However, Amjad Ali Khan says, it was heartening that the world had more peace-loving people than those who would destroy it.

“I hope and pray… let the younger generation experience peace, harmony and tranquility in the world. As a human being I feel proud to see the achievements of mankind. However, I feel that an educational degree is important for any artiste today as a back-up plan. Creative fields don’t have formulas or methods (for success),” he said.

“I wish to have music shape the consciousness in a way that contributes to oneness in children; it must be more practical and less theoretical,” added Amjad Ali Khan who was in the capital to receive the 2017 Dayawati Modi Award for Art, Culture and Education for his contribution to Indian classical music.

Amjad Ali Khan is one of the undisputed masters of the music world. Over the course of a distinguished career spanning more than six decades, he has won numerous accolades, including a Grammy nomination, the Crystal Award by the World Economic Forum, Unicef’s National Ambassadorship and the Fukuoka Cultural grand prize. He has performed at venues the world over, including Carnegie Hall and the Royal Albert Hall, as well as at the Nobel Peace Prize Concert in 2014 in Oslo, Norway.

He feels that musical vibrations can convey moods and emotions and have the ability tomould and shape our consciousness. “Different types of music can have different effects on the mind — both positive and negative. Our mind is like any living organism. It must be nurtured and needs stimulation to develop and grow. Music is one of the most important ‘foods’ for the intellect. Each musical note is connected to this most important part of our minds,” said Amjad Ali Khan.

He said is happy to see the progress of young artistes in India. “They are very fortunate to get access to so much content today through YouTube and many other mediums. However, to be a professional, you must learn from a teacher.” Amjad Ali Khan’s sons, Ayaan and Amaan, are taking forward the legacy and so he is satisfied with the way they have kept the tradition going.

“My years of teaching my sons were quite an experience. It was a first time that I was able to hold a student in my lap. In a family where music is a way of life and is basic to life, the training starts from the moment a child is born,” he said.

“In the course of Amaan’s and Ayaan’s training (which is an ongoing process for a classical musician), I never encouraged them to copy my style of playing beyond a point. As they developed and matured as musicians I was relieved to see both brothers developing a very distinctive and rather different approach to what was taught. This, I feel, is only natural as music is a reflection of an individual’s mind and soul,” the veteran sarod player said.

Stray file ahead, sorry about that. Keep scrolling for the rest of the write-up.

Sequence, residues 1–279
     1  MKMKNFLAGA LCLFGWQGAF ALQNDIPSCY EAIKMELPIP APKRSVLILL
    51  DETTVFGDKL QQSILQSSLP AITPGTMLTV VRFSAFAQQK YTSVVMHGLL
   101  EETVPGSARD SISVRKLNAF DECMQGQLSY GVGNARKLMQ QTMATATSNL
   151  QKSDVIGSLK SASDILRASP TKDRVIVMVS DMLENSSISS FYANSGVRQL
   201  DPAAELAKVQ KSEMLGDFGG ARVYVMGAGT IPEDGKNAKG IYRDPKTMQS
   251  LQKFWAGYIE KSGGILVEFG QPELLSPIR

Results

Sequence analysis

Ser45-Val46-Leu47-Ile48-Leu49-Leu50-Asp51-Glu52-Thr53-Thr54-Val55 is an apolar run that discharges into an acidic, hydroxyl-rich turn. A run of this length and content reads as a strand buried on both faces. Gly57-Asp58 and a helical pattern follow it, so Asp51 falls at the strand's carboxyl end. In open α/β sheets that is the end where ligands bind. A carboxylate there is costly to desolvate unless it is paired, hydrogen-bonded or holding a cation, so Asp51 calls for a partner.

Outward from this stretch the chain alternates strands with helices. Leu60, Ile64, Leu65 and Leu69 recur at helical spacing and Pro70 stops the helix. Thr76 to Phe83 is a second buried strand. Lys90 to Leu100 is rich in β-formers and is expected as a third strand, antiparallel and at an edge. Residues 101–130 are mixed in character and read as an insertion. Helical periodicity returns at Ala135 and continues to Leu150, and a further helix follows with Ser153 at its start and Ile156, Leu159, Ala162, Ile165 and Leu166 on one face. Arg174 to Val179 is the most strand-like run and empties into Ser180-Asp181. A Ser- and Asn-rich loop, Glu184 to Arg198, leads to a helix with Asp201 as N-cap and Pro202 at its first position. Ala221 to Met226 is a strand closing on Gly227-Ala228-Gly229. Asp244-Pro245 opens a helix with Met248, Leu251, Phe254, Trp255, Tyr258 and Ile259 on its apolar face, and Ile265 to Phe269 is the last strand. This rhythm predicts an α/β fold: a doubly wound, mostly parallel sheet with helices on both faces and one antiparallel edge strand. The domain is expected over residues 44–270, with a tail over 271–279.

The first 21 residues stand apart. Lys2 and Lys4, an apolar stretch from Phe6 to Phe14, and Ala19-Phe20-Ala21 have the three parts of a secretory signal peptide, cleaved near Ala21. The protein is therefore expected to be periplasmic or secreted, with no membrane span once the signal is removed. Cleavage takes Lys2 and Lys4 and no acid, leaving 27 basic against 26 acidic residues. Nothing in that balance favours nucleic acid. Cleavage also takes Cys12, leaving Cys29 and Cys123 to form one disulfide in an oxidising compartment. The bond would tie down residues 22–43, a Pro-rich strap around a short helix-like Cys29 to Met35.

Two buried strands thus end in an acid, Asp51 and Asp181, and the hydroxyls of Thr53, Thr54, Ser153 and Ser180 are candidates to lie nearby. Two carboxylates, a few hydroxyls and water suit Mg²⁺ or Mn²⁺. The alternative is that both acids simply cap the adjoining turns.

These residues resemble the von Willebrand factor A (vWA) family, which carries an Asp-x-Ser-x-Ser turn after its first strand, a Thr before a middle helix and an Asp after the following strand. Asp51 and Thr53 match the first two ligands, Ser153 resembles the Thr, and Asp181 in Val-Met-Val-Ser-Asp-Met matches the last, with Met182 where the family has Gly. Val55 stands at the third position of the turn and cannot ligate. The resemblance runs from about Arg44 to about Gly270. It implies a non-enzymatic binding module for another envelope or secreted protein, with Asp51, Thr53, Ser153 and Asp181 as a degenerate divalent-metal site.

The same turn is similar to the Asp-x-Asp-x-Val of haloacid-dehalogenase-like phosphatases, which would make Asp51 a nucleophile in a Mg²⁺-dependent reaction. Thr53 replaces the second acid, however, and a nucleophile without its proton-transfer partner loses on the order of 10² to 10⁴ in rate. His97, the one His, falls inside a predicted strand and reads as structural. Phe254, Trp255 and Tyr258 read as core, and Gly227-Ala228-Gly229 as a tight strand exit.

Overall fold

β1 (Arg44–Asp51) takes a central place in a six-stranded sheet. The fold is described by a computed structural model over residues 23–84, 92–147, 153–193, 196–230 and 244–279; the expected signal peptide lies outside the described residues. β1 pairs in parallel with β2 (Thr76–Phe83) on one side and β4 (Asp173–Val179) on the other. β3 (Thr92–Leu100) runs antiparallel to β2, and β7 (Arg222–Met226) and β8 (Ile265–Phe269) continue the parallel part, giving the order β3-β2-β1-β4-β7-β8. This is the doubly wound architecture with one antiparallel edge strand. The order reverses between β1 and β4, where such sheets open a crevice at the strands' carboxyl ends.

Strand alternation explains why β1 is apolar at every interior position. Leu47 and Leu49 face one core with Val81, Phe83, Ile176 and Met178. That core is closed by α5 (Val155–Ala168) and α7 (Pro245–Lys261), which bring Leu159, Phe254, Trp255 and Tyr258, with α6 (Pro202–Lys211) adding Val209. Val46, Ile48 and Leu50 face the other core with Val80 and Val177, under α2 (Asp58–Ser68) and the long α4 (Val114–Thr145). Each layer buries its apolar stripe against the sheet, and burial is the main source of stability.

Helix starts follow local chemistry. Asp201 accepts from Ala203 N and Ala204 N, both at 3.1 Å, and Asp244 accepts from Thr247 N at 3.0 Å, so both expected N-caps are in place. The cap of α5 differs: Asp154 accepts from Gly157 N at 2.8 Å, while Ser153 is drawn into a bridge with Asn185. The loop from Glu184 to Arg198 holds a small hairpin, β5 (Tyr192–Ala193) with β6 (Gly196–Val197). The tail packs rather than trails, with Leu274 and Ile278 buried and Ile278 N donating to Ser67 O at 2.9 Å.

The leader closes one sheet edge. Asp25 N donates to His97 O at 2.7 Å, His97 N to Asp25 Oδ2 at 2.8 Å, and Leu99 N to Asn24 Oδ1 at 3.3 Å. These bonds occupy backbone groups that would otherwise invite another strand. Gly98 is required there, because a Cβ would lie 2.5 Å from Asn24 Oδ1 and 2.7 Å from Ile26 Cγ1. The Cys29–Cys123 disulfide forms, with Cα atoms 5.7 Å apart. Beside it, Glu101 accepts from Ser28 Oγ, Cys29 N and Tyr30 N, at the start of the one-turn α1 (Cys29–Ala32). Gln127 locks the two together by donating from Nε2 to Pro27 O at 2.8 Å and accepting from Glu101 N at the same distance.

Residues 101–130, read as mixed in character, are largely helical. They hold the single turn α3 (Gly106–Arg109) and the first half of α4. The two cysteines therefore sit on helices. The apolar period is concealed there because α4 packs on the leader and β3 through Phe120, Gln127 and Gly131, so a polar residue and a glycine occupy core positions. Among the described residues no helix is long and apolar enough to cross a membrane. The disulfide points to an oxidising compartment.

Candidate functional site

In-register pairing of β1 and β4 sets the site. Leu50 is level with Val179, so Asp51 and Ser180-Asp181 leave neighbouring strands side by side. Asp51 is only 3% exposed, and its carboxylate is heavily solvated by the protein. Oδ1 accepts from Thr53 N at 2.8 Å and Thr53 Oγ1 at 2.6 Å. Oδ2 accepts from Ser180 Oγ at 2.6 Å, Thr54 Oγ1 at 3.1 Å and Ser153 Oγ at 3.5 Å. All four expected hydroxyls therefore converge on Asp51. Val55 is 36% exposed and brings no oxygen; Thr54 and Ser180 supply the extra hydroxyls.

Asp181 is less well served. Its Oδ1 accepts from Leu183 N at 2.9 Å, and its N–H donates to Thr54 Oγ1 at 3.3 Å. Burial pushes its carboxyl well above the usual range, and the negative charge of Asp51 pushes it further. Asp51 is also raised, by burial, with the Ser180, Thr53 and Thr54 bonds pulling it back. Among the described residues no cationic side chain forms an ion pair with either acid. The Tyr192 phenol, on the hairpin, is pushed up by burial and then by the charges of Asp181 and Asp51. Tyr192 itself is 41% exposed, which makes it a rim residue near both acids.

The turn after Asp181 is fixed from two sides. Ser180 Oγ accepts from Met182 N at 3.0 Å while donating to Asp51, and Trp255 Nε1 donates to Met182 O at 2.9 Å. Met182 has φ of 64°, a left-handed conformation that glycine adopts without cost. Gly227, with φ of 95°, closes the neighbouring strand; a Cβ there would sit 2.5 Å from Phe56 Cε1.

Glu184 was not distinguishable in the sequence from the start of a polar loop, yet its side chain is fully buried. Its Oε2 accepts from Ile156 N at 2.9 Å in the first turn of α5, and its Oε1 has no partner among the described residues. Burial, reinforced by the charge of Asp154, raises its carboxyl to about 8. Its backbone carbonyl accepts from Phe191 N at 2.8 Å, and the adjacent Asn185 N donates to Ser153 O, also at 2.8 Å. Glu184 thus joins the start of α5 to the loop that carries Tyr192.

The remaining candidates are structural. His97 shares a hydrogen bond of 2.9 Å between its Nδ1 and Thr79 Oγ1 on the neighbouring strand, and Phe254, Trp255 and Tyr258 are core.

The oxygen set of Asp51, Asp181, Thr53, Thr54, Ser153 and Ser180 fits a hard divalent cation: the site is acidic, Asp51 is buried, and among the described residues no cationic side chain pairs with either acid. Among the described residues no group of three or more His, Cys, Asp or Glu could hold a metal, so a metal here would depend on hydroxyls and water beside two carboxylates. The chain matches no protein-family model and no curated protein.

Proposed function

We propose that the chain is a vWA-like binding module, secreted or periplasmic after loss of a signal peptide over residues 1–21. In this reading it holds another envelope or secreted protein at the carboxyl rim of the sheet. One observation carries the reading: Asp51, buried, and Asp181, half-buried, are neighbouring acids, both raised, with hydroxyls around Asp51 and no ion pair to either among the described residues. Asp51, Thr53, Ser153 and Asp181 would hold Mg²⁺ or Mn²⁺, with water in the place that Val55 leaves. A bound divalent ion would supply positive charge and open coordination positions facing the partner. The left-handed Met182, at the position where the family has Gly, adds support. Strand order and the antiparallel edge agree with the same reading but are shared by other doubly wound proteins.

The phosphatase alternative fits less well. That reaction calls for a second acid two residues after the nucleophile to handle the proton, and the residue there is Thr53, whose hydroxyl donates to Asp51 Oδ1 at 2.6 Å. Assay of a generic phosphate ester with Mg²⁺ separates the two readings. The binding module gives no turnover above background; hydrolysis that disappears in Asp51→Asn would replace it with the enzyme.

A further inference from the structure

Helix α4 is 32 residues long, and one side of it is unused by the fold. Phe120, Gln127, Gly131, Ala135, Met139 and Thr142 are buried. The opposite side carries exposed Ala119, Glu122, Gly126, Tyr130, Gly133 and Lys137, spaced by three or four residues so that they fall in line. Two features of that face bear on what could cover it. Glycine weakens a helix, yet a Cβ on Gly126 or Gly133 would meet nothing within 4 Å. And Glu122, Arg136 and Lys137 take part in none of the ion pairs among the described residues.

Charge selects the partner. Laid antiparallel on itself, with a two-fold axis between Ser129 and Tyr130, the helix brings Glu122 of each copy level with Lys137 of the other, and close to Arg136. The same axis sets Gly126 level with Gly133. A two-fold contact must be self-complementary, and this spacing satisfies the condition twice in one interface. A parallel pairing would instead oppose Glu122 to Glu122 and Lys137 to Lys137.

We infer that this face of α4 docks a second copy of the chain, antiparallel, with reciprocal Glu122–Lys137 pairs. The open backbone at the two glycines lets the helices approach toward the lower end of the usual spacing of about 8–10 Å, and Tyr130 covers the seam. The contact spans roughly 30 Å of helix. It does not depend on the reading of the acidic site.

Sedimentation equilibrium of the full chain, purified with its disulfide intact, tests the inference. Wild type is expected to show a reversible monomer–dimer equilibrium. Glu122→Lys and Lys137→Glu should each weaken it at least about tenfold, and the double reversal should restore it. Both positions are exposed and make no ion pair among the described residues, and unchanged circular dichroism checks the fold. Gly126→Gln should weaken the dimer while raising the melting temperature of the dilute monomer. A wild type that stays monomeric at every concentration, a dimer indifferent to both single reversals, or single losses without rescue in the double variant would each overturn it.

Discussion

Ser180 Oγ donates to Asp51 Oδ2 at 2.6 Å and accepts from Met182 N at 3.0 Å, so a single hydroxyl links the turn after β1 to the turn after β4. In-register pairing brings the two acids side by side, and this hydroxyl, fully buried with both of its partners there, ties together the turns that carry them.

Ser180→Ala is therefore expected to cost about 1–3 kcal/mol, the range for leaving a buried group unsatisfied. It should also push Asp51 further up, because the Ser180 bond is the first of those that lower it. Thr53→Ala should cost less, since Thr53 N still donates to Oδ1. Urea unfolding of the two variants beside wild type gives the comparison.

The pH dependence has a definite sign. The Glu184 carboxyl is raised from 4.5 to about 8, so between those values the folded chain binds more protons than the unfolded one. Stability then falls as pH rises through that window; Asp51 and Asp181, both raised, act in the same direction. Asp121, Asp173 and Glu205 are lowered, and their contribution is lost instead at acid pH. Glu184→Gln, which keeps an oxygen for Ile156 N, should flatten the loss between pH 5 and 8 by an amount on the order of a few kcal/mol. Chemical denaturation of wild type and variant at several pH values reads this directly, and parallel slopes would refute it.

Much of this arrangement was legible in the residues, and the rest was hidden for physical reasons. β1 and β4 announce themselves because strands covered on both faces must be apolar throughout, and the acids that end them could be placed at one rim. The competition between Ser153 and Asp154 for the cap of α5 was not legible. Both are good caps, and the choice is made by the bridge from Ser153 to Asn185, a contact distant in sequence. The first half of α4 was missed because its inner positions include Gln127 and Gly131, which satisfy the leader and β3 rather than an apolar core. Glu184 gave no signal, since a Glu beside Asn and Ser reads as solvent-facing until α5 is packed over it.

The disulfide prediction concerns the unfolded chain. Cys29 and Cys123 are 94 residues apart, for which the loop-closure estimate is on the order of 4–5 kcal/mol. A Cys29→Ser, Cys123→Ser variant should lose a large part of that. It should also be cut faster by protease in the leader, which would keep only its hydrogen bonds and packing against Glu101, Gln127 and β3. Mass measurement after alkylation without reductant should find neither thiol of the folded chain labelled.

So what keeps him busy nowadays? “Today, I am experimenting, doing interesting projects. The world has indeed become a global village. Musically, there is so much more that has to be done. It’s a long journey. I am looking forward to my collaborations this year with Norwegian Radio Orchestra and Moscow State Philharmonic Orchestra. I hope that we can bring these projects to India too,” he said.

IANS

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NIIT announces strategic initiative to drive cultures of service excellence across organizations worldwide

Enters into an exclusive partnership with UP! Your Service, founded by award-winning Service Culture Consultant Ron Kaufman.

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NIIT Limited

New Delhi/ Goa, 2nd November, 2017: NIIT Limited, a global leader in Skills and Talent Development, entered into a strategic partnership with UP! Your Service, the global leader in creating cultures of service excellence worldwide. Founded by Ron Kaufman, the globally renowned Service Culture Consultant, UP! Your Service works with organizations across the world, equipping them with customer service principles, training tools, and best practices to make their strategy of continuous service improvement come alive – to make it real, scalable, and sustainable. Under this partnership NIIT will help implement a culture of service excellence across organizations using UP! Your Service’s global expertise and tools in this area.

NIIT’s partnership with UP! Your Service is a strategic move to expand its Corporate Learning portfolio to deliver internal and external cultures of Service Excellence. In addition to its cutting-edge Managed Training Services (MTS), NIIT will now offer services like Service Culture Indicator, Service Leader Workshops, and Service Excellence Workshops to take organizations to a new level of service that is enabled by fundamental principles and actionable models. Through this tie-up with UP! Your Service, NIIT aims to create a huge difference in the way organizations work to create value for their customers and colleagues.

Sapnesh Lalla

Mr. Sapnesh Lalla, CEO, NIIT Limited